Dr Mercy Lung’aho was awarded an AI for Earth grant from Microsoft to aid in her research applying technology to combat hunger and famine. Dr Lung’aho, a nutritionist and research scientist at the International Center for Tropical Agriculture (CIAT) in Nairobi, Kenya, is working on tackling the issue of chronic malnutrition in sub-Saharan Africa with an AI-enabled tool designed to predict and prevent a nutrition crisis before it occurs.
The system, called Nutrition Early Warning System (NEWS), analyses satellite imagery, as well as data like rainfall, temperature, and vegetation health to make predictions about crop health and nutritive value. By improving the probability of accurate growth forecasts, NEWS will help governments and agencies confidently act on early warnings for nutrition needs with increased certainty of a return on investments and impact. Eventually, the data collected by NEWS will help better define the problem of malnutrition in Africa and diagnose its root causes.
“I do what I do because I know how it feels when everybody looks the other way,” she says. I was a ‘preemie’ – a premature baby, weighing a mere 1.08 kilograms. I was also anaemic and the doctors gave me 72 hours to live. But I’m still here, against all the odds I survived and now I want to be part of the solution.”
Future farms – How agritech can improve food security
Several studies have demonstrated the need to significantly increase the world’s food production by 2050. But small-scale farmers in developing countries lack the modern agricultural technology needed to produce enough food. Increasingly, climate change and severe weather have been impacting food production, jeopardising thousands of farmers, their communities, global food security and political stability across countries.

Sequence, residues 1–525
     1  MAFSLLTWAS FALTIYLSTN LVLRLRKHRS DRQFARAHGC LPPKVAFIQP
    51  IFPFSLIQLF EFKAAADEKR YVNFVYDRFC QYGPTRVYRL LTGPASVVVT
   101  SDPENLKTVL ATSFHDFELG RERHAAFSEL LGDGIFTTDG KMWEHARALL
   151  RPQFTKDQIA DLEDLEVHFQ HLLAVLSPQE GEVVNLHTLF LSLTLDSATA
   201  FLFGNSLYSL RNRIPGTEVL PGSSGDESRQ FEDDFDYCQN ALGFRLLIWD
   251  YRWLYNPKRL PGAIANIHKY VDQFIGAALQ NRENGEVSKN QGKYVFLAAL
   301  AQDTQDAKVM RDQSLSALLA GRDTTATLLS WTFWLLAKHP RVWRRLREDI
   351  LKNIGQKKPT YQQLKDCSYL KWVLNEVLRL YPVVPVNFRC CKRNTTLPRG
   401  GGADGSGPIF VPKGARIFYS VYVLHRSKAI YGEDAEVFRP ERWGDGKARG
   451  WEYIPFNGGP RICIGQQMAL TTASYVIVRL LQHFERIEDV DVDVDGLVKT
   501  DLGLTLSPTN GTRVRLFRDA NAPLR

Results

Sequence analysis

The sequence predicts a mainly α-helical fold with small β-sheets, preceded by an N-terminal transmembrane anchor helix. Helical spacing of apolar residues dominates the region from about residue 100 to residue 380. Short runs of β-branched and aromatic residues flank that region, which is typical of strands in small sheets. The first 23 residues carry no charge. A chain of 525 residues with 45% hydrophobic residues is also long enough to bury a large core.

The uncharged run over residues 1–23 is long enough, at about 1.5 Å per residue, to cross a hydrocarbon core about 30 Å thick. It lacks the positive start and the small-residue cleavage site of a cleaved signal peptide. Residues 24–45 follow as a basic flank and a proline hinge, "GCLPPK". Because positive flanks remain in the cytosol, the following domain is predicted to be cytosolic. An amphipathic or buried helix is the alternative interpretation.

Investing in these farmers by providing technology, training and other solutions can help mitigate these risks and increase food security across the value chain.
FarmBeats, a Microsoft project that has been ongoing since 2015, is working on ways to improve agriculture using AI, edge computing, and IoT technology. The project’s goal is to enable data-driven farming coupled with the farmer’s knowledge and intuition about his or her farm to increase farm productivity and reduce costs. However, getting data from the farm is extremely difficult since there is often no power in the field, or Internet on the farms. As part of the FarmBeats project, they are building several unique solutions to solve these problems using low-cost sensors, drones and machine learning algorithms.
FarmBeats uses TV White Space (TVWS) radios to wirelessly connect sensors and capture data; and machine learning algorithms to integrate sensor data with aerial imagery and other relevant data (such as weather, crop predictions, and best practices) ultimately delivering actionable insights to farmers, all at a fraction of the cost of existing solutions and with far less consumption of resources to deliver those yields. This is a digital transformation of agriculture, at both small and large scales, that’s critical to meeting 21st century food-supply challenges.
It’s evident that disruptive technologies can end perennial famine in some of the world’s most underserved regions. But even the Middle East and African countries best positioned to take advantage of new technologies like AI have additional hurdles to overcome. This is why Microsoft continues to invest in better connectivity, acquiring the necessary data and improving the overall skills base. As the world’s food requirements heighten, Microsoft is working more closely than ever with its customers to use digital technology and AI to address sustainability challenges.